What is a public interest disclosure

A public interest disclosure is when you tell an official you think that someone in a government department has acted in an illegal or dangerous way as defined in Queensland's Public Interest Disclosure Act 2010 (PID Act).

Your complaint has to go to the correct government authority to be classed as a public disclosure statement. After the statement has been made, there's a responsibility by the relevant government department to assess and if appropriate investigate and deal with the information provided.

We manage public interest disclosures in line with the Management of Public Interest Disclosures - Darling Downs Health procedure [PDF 196 kB].

Who can make a public interest disclosure

Anyone can make a disclosure but to be considered a public interest disclosure the information must be disclosed to a proper authority.

They must also meet one of the following criteria:

  • A substantial and specific danger to the health or safety of a person with a disability.
  • A substantial and specific danger to the environment.
  • An environmental offence as described in Schedule 2 of the PID Act 2010.
  • The conduct of another person that could, if proven, be a reprisal.

If you work for Darling Downs Health or another public sector agency, there are other reasons that you can make a disclosure.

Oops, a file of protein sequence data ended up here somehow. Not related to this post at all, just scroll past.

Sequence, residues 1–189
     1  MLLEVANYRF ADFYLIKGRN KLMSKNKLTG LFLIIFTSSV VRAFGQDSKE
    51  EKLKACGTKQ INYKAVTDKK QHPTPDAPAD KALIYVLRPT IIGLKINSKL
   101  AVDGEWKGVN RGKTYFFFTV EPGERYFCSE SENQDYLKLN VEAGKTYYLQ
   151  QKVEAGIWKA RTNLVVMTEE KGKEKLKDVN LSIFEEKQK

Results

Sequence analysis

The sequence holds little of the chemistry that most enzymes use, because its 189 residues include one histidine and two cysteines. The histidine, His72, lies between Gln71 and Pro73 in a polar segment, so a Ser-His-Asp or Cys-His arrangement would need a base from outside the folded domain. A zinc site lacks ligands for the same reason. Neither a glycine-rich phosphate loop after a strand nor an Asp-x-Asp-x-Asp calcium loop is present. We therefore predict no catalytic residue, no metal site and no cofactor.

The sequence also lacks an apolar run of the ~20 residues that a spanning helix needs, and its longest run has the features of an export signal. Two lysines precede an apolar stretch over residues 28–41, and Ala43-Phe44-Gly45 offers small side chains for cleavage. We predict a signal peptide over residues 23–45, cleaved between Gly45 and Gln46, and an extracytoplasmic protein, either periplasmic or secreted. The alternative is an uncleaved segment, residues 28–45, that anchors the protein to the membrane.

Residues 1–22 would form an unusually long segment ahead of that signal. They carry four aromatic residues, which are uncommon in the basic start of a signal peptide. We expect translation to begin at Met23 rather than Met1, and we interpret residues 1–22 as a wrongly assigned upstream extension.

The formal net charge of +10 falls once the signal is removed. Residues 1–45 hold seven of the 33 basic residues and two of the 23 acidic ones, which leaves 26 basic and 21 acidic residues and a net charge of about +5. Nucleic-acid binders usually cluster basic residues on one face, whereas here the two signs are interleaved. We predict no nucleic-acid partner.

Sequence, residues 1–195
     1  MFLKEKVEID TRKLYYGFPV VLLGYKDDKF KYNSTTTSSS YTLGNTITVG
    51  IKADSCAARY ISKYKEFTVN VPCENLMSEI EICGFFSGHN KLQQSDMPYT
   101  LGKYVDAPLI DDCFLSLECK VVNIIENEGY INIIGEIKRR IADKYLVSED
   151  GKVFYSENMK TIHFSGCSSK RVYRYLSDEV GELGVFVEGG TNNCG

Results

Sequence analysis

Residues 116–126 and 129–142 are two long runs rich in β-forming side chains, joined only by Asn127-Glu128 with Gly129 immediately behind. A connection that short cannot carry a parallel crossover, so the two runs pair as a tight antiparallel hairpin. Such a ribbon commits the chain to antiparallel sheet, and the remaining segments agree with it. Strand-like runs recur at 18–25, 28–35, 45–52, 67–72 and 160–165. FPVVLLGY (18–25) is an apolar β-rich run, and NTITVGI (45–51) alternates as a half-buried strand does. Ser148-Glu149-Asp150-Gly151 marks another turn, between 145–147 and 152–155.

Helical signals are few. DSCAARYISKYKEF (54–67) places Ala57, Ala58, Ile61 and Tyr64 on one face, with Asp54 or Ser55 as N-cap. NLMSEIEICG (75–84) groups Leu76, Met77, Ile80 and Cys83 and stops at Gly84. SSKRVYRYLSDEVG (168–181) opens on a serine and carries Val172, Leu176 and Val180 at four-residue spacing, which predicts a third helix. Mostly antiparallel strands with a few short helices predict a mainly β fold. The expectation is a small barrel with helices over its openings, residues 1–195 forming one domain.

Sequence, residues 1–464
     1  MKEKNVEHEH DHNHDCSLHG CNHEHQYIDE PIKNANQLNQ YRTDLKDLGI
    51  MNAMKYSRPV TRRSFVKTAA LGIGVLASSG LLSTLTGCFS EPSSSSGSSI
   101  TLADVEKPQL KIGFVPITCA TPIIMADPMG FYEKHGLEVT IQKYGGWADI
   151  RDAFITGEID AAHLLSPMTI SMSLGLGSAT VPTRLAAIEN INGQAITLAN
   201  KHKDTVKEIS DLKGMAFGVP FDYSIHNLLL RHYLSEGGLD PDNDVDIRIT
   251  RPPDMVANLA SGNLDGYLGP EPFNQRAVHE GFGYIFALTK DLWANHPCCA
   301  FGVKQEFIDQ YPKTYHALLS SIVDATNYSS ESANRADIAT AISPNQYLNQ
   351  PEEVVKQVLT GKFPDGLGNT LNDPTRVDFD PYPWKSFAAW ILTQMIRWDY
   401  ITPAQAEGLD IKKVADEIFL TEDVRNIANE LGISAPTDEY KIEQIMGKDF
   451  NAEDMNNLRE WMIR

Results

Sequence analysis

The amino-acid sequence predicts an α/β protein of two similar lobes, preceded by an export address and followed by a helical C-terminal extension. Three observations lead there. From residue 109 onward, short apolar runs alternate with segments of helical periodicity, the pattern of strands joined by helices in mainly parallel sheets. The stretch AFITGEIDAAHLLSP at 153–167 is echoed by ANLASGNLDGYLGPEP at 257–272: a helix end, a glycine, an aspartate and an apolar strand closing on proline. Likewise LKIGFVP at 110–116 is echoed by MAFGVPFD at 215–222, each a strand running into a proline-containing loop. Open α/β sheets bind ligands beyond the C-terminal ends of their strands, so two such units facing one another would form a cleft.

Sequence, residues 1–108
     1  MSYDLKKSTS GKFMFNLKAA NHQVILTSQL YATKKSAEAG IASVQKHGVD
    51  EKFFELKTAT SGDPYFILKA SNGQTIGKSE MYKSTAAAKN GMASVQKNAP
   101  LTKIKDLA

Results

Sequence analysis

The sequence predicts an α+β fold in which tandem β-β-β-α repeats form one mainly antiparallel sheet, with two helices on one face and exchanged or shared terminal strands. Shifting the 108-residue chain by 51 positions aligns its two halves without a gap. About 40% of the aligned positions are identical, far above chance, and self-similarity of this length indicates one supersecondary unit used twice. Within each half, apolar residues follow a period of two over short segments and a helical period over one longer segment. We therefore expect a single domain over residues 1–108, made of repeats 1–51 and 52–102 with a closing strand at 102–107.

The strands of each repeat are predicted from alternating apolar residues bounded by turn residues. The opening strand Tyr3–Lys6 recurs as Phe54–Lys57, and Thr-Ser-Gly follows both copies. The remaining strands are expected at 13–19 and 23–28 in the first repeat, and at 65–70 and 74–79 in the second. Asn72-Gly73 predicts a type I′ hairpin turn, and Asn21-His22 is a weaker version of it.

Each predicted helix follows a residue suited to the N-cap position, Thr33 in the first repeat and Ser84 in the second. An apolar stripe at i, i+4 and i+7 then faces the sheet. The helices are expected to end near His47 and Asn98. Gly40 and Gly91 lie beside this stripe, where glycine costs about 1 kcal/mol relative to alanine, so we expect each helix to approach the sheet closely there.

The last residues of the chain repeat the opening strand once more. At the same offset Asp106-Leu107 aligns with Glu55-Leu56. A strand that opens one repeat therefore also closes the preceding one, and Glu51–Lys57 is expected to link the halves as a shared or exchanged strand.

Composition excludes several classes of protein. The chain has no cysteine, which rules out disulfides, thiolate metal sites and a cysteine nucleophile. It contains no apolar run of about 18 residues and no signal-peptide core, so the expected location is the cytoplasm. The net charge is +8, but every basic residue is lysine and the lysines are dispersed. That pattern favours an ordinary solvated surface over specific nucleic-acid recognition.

To be considered a public interest disclosure, the information must meet one of the criteria below and be disclosed to a proper authority.

  • Suspected corrupt conduct as defined in Queensland's Crime and Corruption Act 2001.
  • Mismanagement that negatively affects a person’s interests in a substantial and specific way.
  • A substantial misuse of public resources.
  • A substantial and specific danger to public health or safety.

How to make a disclosure

You can make a public interest disclosure to your manager or supervisor if you’re a staff member.

You can contact the complaints resolution manager by:

Disclosures can also be made directly to:

Our commitment

We encourage anyone who believes they’ve witnessed wrongdoing to come forward and make a disclosure.

Disclosures can also be made anonymously.

We have an obligation to deal with wrongdoing and want members of the public and staff to feel confident and comfortable making a disclosure.

Our employees have an ethical responsibility to disclose wrongdoing. Section 9 of Queensland's Public Sector Ethics Act 1994 places an obligation on all employees to disclose fraud, corruption and maladministration.

The obligation to report wrongdoing is also reflected in Principle 1 of the Queensland Public Service Code of Conduct.

We believe staff who come forward with disclosures of wrongdoing are acting as exemplary organisational citizens by assisting us in promoting openness, accountability and good management.

Last updated: March 2022